A few weeks back, we examined in this space the players who perform the best facing the most challenging matchups. What about the flip side of that argument, the players with the greatest history of success facing the softest matchups?
Success during the fantasy postseason relies not only upon trusting your most talented players, it's also about exploiting any matchup advantage possible. So today, using data since the beginning of 2010, let's identify the 10 most productive players facing top-eight positional matchups. For this exercise, we'll use "Stud" rather than "Start" scores, and set a minimum of five such matchups. Here we go:
LeSean McCoy: 11 Stud performances in 12 matchups (91.7 percent)
Michael Vick: 6 Studs in 7 matchups (85.7 percent)
Maurice Jones-Drew: 9 Studs in 11 matchups (81.8 percent)
DeMarco Murray: 4 Studs in 5 matchups (80.0 percent)
Adrian Peterson: 12 Studs in 15 matchups (80.0 percent)
Brandon Marshall: 10 Studs in 13 matchups (76.9 percent)
Ryan Mathews: 6 Studs in 8 matchups (75.0 percent)
Arian Foster: 11 Studs in 15 matchups (73.3 percent)
Drew Brees: 9 Studs in 13 matchups (69.2 percent)
Julio Jones: 4 Studs in 6 matchups (66.7 percent)
Roddy White: 10 Studs in 15 matchups (66.7 percent)
Vick, Foster and Jones, naturally, aren't of any help to fantasy owners now, but Murray and White are two names that stand out.
Consider that Murray has two more matchups against defenses that rank among the top eight in fantasy points allowed to running backs: the Chicago Bears (third; road game in Week 14) and Washington Redskins (second; road game in Week 16). The Green Bay Packers (home game in Week 15), meanwhile, rank 10th and have allowed 144 points to running backs in their past six games combined. Though the perception might not be as such, Murray makes a compelling case for a weekly RB1 -- or a clear-cut top-10 option at his position -- in every one of his four remaining matchups.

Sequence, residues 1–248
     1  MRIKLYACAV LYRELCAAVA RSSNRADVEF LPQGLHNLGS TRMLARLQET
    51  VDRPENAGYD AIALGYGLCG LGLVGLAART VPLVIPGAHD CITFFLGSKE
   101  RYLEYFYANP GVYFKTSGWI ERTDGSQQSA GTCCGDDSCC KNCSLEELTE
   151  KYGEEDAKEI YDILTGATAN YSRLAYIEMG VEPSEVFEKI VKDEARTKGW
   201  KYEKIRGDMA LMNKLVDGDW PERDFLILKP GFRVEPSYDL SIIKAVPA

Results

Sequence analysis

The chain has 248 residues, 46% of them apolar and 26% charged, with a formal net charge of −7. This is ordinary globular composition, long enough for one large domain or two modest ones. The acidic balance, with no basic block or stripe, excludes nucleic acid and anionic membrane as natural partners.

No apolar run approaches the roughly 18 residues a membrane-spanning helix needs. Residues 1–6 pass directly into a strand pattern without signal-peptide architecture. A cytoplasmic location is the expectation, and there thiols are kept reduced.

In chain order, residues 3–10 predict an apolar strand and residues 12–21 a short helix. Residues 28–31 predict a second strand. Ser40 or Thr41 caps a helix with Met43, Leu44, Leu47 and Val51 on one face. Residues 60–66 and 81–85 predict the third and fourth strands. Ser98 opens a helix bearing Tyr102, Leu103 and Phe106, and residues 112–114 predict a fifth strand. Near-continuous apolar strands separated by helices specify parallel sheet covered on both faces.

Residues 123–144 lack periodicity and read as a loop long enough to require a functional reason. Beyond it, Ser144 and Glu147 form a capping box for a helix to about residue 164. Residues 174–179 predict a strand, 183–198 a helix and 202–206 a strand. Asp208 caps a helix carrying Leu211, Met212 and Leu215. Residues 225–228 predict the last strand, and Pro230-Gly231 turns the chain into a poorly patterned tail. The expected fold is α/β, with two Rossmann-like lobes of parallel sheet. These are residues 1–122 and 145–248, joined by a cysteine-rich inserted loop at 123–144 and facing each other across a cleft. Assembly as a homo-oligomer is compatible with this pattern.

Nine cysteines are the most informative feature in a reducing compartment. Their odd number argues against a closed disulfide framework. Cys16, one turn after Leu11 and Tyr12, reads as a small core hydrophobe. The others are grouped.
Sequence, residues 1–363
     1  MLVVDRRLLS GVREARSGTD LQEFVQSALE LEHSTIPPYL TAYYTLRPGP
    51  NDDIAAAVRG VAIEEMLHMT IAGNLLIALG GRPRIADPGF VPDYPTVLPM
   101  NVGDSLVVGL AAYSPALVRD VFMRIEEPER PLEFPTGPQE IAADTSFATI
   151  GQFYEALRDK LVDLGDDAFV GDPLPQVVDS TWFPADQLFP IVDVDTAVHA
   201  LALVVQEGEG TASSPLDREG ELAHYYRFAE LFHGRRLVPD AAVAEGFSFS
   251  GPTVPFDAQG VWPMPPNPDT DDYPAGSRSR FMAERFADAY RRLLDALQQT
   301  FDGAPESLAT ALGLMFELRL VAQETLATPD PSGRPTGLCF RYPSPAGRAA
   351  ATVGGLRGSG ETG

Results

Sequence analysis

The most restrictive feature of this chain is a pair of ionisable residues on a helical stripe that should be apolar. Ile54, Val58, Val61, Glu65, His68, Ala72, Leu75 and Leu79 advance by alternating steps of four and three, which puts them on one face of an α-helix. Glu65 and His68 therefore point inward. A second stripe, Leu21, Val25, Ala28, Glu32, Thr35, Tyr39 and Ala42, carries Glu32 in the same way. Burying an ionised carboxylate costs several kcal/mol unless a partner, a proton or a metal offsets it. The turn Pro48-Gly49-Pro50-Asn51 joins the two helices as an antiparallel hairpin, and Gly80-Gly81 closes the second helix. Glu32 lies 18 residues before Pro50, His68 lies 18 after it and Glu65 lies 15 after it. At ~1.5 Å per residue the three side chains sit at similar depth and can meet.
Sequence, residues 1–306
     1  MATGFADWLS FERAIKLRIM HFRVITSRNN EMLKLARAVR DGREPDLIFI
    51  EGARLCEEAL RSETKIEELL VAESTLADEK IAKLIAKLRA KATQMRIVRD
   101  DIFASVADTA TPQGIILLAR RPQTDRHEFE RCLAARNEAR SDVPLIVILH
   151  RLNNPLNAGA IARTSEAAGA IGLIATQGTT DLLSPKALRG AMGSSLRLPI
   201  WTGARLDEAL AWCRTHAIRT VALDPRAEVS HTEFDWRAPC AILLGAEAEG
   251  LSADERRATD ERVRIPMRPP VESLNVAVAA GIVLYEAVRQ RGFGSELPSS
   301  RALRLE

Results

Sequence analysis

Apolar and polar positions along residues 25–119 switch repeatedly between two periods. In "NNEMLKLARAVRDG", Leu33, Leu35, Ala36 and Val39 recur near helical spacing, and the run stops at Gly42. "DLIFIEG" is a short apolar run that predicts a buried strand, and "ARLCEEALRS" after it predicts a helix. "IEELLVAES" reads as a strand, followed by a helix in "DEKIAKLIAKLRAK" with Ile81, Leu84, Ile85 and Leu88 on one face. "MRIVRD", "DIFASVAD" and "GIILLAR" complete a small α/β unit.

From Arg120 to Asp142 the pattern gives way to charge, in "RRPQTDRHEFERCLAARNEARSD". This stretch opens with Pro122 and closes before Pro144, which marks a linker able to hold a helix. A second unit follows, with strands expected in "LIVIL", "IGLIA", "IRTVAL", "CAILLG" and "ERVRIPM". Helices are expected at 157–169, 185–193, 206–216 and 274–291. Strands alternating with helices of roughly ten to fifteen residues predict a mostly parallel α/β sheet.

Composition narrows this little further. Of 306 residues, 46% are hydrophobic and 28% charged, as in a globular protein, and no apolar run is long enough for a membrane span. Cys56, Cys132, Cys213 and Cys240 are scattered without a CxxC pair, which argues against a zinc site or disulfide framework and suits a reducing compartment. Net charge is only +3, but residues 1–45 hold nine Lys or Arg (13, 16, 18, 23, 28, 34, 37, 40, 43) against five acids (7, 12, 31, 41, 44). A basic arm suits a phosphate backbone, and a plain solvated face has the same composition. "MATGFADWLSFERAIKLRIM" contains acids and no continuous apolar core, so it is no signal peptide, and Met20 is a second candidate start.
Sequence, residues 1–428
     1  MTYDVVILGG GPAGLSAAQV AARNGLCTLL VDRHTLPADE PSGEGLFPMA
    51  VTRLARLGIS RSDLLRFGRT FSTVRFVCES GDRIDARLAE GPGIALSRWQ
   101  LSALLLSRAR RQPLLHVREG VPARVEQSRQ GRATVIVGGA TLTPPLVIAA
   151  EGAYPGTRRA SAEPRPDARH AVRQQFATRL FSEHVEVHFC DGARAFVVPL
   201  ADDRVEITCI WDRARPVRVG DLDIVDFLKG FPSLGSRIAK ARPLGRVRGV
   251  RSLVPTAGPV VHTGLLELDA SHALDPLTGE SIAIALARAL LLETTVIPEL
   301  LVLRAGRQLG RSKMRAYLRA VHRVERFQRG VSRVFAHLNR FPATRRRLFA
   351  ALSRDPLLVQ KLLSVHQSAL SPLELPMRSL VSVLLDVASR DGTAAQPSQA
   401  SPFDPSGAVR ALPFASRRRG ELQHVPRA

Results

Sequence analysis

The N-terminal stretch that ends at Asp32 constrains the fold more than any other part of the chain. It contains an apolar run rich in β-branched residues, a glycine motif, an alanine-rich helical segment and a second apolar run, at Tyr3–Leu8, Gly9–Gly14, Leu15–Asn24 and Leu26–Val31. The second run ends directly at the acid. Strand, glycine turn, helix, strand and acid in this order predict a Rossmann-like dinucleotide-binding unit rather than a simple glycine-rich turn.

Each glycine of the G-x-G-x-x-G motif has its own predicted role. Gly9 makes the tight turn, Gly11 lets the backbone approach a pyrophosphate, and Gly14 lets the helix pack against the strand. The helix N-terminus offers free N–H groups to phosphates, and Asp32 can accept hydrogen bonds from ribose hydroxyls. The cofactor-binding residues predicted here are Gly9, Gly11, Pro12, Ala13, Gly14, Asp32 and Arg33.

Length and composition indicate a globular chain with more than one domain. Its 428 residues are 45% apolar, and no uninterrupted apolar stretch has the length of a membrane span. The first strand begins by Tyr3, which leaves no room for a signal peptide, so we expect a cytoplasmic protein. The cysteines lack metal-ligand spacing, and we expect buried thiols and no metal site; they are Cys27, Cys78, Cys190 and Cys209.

White, meanwhile, has only one more matchup against a top-eight defense (using fantasy points allowed to wide receivers): Week 14 at the Packers, who rank eighth against the position. However, his Week 15 represents another favorable matchup -- his Atlanta Falcons host the 10th-ranked Redskins -- and he's coming off a Week 13 during which he had more targets (14) and catches (10) than he has had in any game since Week 16 of the 2011 season. For at least these next two weeks, White should be a low-end WR2, and there's every reason to believe he might rank, at worst, among the top 25 scorers at his position in each remaining week.
Players are initially ranked in order of their Consistency Rating, calculated as the percentage of the player's scheduled games -- not games played, scheduled games -- in which his fantasy point total registered a "Start" score. All categories are sortable both ascending and descending; just click on the headers to sort.
Players must have at least a 25.0 percent Consistency Rating in either standard scoring or PPR leagues for inclusion in the chart. All defense/special teams are included, regardless of whether they met those minimums.
These statistics are for 2013 only. Statistics for games since 2010 can be found here.